Baltimore County bouncer turned businessman is in the fight of his life

In the wake of his company's collapse, Jeffrey Cohen sits in jail, awaiting a court battle over hefty accusations

  • Jeff Cohen, founder of the Indemnity Insurance Corp., is pictured at his home.
Jeff Cohen, founder of the Indemnity Insurance Corp., is pictured… (Algerina Perna, Baltimore…)
July 19, 2014|By Jamie Smith Hopkins and Justin Fenton, The Baltimore Sun

The nightclub insurer promised to fight for its clients — its promotional material shows a man socked in the face with a boxing glove.

But founder Jeffrey B. Cohen fights everything. He went after competitors, clients, former employees and even neighbors, filing dozens of lawsuits around the country. The Reisterstown man once sought a restraining order to keep a rival company from attending an adult industry convention.

Now Cohen, 39, faces the biggest fight of his life — his company, Indemnity Insurance Corp., was seized by regulators, and federal agents said in court documents that he appears to have been plotting to attack a judge. The fallout is rippling across the country, buffeting the thousands of bars, nightclubs and strip joints Indemnity once insured and leaving injured patrons with unpaid claims.

"The devastation is huge, it really is — it's just huge," said Jan Trendowski, a Connecticut attorney who defends bars against claims.

Delaware regulators say Sparks-based Indemnity had a policyholder deficit of $9 million — despite claims of a substantial surplus — when they stepped in last year. Regulators allege that Cohen created an email address and opened a P.O. box in a bank's name in order to fake documents that made it appear the company had more assets than it did.

Federal agents arrested him in June on charges related to that alleged scheme. As they raided his house the same day, according to court documents, they found more evidence to back up the claims of fraud — and items of an entirely different nature.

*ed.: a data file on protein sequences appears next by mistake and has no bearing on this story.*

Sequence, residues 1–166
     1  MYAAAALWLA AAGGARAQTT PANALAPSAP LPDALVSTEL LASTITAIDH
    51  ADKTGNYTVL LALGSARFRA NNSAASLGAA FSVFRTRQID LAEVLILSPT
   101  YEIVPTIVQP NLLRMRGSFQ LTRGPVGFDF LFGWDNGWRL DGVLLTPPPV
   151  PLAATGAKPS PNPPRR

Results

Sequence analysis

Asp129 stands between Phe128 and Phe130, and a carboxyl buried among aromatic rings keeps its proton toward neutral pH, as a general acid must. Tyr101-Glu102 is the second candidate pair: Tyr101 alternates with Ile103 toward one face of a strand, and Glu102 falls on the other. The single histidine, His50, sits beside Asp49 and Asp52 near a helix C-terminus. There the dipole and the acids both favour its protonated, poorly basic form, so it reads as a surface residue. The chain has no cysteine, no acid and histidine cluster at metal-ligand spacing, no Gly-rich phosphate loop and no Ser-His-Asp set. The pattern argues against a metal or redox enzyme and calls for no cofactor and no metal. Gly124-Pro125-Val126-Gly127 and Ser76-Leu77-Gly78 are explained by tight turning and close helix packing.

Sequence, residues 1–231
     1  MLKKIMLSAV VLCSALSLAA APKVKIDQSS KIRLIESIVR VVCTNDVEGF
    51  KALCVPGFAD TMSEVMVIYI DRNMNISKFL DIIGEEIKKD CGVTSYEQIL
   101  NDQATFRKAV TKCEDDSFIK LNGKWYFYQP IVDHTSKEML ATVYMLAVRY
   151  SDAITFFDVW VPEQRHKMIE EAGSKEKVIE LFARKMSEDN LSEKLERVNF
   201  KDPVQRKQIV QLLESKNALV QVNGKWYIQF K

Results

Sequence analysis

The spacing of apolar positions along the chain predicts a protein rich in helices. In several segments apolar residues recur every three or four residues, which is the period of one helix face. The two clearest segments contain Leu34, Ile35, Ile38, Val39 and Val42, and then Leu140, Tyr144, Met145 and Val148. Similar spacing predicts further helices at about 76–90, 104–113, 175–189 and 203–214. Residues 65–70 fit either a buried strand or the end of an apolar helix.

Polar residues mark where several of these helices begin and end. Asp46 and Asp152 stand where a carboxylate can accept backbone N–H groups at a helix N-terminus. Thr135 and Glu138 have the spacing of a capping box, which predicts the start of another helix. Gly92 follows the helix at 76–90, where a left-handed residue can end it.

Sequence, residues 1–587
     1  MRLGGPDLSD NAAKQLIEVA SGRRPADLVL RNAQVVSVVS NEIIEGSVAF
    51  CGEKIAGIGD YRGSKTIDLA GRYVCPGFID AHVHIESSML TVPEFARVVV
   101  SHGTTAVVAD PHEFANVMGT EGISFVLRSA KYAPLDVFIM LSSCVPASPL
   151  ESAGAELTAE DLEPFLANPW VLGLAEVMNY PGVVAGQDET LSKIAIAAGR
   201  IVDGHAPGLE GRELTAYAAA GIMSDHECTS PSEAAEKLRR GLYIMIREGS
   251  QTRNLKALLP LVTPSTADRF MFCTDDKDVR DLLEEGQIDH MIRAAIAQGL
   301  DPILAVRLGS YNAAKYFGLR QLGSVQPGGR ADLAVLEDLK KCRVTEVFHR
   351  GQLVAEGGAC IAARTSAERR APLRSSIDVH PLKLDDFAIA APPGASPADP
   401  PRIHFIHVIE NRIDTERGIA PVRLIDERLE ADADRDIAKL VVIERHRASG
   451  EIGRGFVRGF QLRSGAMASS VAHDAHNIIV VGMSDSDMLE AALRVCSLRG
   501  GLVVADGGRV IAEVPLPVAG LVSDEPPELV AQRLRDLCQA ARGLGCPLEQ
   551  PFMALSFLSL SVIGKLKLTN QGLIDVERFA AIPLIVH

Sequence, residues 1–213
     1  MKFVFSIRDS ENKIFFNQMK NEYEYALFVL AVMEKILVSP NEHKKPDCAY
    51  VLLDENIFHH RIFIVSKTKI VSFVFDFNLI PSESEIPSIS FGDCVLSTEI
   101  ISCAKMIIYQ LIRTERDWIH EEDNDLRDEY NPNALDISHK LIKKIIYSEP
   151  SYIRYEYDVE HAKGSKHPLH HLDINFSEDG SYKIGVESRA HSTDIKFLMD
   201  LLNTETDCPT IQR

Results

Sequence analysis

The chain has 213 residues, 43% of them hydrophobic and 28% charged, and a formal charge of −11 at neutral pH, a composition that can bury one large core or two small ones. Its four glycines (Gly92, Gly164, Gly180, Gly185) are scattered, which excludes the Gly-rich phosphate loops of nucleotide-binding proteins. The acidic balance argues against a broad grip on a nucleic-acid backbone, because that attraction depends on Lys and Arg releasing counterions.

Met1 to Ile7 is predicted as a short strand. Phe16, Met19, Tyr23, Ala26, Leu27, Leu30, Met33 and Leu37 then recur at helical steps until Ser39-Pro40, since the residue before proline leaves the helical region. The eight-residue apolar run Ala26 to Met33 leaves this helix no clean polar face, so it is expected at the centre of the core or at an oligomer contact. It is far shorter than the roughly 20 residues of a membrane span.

Agents said they uncovered an arsenal of weaponry, disguises and "survivalist gear." A notebook detailed plans for what appeared to be a plot to harm the judge in the Delaware liquidation case and an elected official, while a recording Cohen made on an apparent "reconnaissance" mission to that state justified killing as a necessity that few could understand, according to court documents.

Those findings have not led to additional charges.

His court-appointed attorney declined to comment. Cohen told agents he was writing a novel.

His whole life reads like one.

A bouncer's rise

A former nightclub bouncer, Cohen started insuring businesses in that industry around 2001. As the business grew, he amassed a house on the water in Florida, three in Maryland and too many vehicles to fit in his four-car garage in Reisterstown — including an Aston Martin owned by his company and a Lexus SUV with the vanity plate "RISKTKR."

He told company auditors his net assets exceeded $43 million, according to court documents.

Clients stretched from Florida to California, including the publicly traded Rick's Cabaret chain of gentlemen's clubs. Indemnity had 4,000 policyholders before regulators stepped in, court documents said.

"It gobbled up a lot of the market," said Brad Sharon, director of marketing and sales at Fairmont Insurance, a New York insurance broker that specializes in that niche — and is among the many that Cohen sued over the years.

Indemnity grew fast by charging substantially lower premiums and advertising that it would aggressively defend customers from lawsuits.

"The reason we're a very successful company is because I'm a fighter," Cohen told The Baltimore Sun in January, after his company was seized but long before he was arrested. "I fight claims better than any company out there — that's why we're so profitable."

Indemnity also paid independent insurance agents and brokers far higher commissions than the industry standard, giving them an incentive to sign clients up, said Pike Barber, owner of Hospitality Insurance Agency, a Florida company that connects nightclubs and other businesses with policies.

Barber said Cohen pitched him on Indemnity's policies six or seven years ago. Barber's team took a look, had concerns about the long list of exclusions — such as claims involving a thrown bottle or other "flying object" — and sent Indemnity questions that went unanswered, he said. Barber took a pass.

Tony Carastro, another Florida insurance agent, was also skeptical. When Cohen flew down for a meeting, he wanted to talk about cars and connections and didn't seem to have a grasp on the fundamentals of the industry, Carastro said. He said he had concerns about Indemnity's published financials.

"This company could be shut down very soon and it's going to be a [mess] when it happens," he wrote in a 2009 email that was filed as evidence in a lawsuit.

Now the companies that did sign on with Indemnity for liability coverage are "out on their own," Barber said. On judgments against them that Indemnity was supposed to pay. On lawsuits that Indemnity was supposed to defend them against. On claims that might arise later but date to when Indemnity insured them.

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